The drama didn’t last long, because they found the calf just a short time later. It may not be all that mixed up for this rural community, but it was unusual enough to contribute more strangeness to the already crazy thick growing grass in October.

I accept that nothing is actually static, so unusual occurrences are always unfolding, regardless of how we perceive and frame our world. It inspires me to strive for resilience in the face of whatever new mix-ups might be around the next corner.

It’s hard to imagine what to expect, other than the obvious fact something new will show up as being totally mixed up.

Unless it doesn’t. But then, would that just seem mixed up, too?

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Written by johnwhays

October 8, 2019 at 6:00 am

Tree Cleared

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We took full advantage of being home on Labor Day and put in some hard labor on one of our trails in the woods yesterday. Standard procedure on a day I intend to mow involves finding something to do for a few hours in the morning while the dew dries off the grass. In this instance, it was time to remove the big tree that still hung across one of our trails.

The project required a lot of preliminary trimming of several other trees that had tipped over on our neighbor’s property. There was quite a tangled mess of branches.

At one point, when I allowed the saw blade to get pinched, Cyndie took advantage of her super-human strength to free it. While I stood grumbling and contemplating what ingenious method I was going to employ to get enough leverage to force open the cut I had started, Cyndie volunteered to push up on the horizontal tree trunk.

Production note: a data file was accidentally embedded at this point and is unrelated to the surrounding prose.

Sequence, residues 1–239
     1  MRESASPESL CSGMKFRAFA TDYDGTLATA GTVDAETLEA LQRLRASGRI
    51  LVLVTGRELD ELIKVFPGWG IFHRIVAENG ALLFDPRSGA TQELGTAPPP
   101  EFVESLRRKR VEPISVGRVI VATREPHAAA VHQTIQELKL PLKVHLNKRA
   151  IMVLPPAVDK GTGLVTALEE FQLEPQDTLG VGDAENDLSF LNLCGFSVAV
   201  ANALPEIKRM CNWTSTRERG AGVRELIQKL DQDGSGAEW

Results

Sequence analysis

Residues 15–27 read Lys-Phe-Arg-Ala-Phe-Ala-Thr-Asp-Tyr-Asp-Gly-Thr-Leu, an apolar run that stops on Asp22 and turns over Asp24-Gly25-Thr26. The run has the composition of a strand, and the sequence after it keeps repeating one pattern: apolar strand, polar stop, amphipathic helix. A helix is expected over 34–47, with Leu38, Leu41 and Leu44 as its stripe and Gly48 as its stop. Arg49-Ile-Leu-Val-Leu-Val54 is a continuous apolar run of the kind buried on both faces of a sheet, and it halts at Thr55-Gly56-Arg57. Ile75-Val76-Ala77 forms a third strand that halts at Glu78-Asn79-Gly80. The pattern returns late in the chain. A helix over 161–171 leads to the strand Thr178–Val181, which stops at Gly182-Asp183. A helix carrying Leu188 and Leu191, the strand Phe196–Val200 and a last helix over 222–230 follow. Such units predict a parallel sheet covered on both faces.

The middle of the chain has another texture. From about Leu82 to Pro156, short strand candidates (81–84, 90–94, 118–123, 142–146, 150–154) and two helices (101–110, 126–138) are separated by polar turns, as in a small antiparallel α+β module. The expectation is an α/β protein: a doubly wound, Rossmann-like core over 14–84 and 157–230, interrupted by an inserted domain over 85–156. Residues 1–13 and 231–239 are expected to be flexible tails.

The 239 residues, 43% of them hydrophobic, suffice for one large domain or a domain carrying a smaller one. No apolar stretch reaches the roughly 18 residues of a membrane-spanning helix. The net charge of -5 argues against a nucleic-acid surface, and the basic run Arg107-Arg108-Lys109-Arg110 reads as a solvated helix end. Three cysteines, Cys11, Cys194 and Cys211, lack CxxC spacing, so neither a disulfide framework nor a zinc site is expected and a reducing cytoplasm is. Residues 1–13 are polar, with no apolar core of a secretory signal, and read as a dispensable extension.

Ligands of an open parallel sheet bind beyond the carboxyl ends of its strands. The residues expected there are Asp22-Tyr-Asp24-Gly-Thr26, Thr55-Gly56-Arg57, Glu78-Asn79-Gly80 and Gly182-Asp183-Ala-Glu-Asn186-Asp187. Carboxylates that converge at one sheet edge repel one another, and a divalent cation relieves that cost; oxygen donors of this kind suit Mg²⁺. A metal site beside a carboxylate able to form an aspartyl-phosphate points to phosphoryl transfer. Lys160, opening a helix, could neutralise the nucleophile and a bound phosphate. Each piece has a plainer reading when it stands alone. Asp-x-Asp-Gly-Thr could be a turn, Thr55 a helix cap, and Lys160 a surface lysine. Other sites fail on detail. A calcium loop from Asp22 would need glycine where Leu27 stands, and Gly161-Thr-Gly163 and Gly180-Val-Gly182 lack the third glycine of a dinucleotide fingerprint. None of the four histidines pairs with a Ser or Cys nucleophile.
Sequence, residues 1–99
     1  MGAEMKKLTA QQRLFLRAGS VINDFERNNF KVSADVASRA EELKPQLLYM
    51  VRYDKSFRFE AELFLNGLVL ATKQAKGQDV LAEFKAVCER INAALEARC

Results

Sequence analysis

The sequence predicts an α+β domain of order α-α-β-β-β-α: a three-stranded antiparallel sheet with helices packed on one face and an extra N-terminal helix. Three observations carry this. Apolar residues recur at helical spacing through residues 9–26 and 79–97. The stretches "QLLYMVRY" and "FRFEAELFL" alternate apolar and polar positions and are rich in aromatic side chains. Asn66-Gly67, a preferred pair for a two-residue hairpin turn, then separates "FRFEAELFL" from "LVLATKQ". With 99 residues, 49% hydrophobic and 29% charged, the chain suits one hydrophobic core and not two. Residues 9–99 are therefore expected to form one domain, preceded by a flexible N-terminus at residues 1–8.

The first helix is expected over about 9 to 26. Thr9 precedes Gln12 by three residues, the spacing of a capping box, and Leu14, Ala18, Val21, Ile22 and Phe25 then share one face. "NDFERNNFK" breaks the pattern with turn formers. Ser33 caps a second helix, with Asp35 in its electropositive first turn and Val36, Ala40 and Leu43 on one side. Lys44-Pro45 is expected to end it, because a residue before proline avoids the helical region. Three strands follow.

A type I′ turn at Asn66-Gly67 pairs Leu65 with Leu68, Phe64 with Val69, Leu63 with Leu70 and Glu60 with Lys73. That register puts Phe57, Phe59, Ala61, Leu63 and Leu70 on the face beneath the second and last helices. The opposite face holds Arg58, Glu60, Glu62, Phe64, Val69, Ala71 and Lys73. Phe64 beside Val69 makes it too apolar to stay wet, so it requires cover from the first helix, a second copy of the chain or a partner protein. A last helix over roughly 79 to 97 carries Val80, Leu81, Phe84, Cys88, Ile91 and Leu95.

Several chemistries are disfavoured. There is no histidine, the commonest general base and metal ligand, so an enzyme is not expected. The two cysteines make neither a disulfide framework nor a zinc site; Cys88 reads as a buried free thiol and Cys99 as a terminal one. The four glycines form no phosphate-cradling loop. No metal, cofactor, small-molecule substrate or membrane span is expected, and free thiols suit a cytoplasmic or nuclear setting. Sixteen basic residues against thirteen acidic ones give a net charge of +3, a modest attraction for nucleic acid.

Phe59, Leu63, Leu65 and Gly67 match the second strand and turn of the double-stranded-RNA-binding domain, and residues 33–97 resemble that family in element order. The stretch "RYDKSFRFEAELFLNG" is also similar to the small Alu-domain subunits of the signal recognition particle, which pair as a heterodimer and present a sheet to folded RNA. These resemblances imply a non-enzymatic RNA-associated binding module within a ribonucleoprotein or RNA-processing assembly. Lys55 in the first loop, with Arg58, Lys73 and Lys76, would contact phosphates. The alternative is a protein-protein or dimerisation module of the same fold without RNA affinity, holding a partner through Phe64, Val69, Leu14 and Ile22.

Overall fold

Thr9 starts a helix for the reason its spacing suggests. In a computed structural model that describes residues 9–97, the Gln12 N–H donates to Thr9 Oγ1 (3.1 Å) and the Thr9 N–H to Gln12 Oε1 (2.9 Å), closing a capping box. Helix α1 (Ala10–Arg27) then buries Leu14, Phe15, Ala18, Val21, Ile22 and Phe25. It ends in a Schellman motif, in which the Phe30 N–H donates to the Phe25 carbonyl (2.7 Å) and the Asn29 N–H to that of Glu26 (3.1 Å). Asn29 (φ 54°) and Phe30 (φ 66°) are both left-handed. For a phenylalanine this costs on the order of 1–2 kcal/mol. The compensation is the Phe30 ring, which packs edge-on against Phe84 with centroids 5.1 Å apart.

I told her she was welcome to try, but that it was probably a couple of hundred pounds more than we could lift. Luckily, she had no clue how heavy it would be, so she had no sense that it wouldn’t be worth a try. I was sure it weighed more than I could lift, so I didn’t even make an attempt.

Cyndie pushed on the trunk and it shifted just enough that I was able to pull the saw free.

It seems to me that I could probably benefit from being a little less certain about what I think I already know.

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By noon we had the trail cleared and I was able to move on to mowing grass. I wish I could say that would be the last time I mowed the lawn this season, but I fully expect growth to continue throughout the month. Maybe, at the very least, the amount of time between mowings will expand so I don’t have to deal with it every seven days.

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Written by johnwhays

September 3, 2019 at 6:00 am

Impressive Specimen

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Last weekend, while I was up at the lake biking, Cyndie sent me a picture of a spider she was startled by in her garden. I don’t mind at all that I was not home to see it in person. The image alone revealed an impressive specimen of a black and yellow garden spider.

It’s about sixteen times bigger than spiders I’m not bothered by. I glanced toward the garden from the safe distance of my lawn tractor seat as I mowed around the perimeter, but didn’t spot the gargantuan arachnid. Thank goodness.

Despite the possibility of thunderstorms yesterday afternoon, I got out to finish the last of the mowing. Now I am ready to head back up to the lake for the weekend. Cyndie is due to return this afternoon, and as I understand it, the plan is that we will take Delilah with us. Maddie will still stop by to tend to the chickens while we are away.